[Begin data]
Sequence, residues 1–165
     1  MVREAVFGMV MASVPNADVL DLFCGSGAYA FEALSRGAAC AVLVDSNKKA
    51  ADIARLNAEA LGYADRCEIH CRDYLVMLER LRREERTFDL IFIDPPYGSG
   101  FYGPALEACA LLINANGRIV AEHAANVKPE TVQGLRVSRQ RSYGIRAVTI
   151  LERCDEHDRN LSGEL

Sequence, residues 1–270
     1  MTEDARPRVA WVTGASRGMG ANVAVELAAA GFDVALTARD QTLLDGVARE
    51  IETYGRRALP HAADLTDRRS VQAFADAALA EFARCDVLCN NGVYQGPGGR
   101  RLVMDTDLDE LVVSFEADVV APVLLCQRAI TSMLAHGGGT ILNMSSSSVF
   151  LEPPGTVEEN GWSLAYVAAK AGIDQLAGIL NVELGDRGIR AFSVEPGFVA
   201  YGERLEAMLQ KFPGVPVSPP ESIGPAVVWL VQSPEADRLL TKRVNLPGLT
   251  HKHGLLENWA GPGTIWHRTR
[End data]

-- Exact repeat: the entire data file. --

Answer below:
Sequence, residues 1–165
     1  MVREAVFGMV MASVPNADVL DLFCGSGAYA FEALSRGAAC AVLVDSNKKA
    51  ADIARLNAEA LGYADRCEIH CRDYLVMLER LRREERTFDL IFIDPPYGSG
   101  FYGPALEACA LLINANGRIV AEHAANVKPE TVQGLRVSRQ RSYGIRAVTI
   151  LERCDEHDRN LSGEL

Sequence, residues 1–270
     1  MTEDARPRVA WVTGASRGMG ANVAVELAAA GFDVALTARD QTLLDGVARE
    51  IETYGRRALP HAADLTDRRS VQAFADAALA EFARCDVLCN NGVYQGPGGR
   101  RLVMDTDLDE LVVSFEADVV APVLLCQRAI TSMLAHGGGT ILNMSSSSVF
   151  LEPPGTVEEN GWSLAYVAAK AGIDQLAGIL NVELGDRGIR AFSVEPGFVA
   201  YGERLEAMLQ KFPGVPVSPP ESIGPAVVWL VQSPEADRLL TKRVNLPGLT
   251  HKHGLLENWA GPGTIWHRTR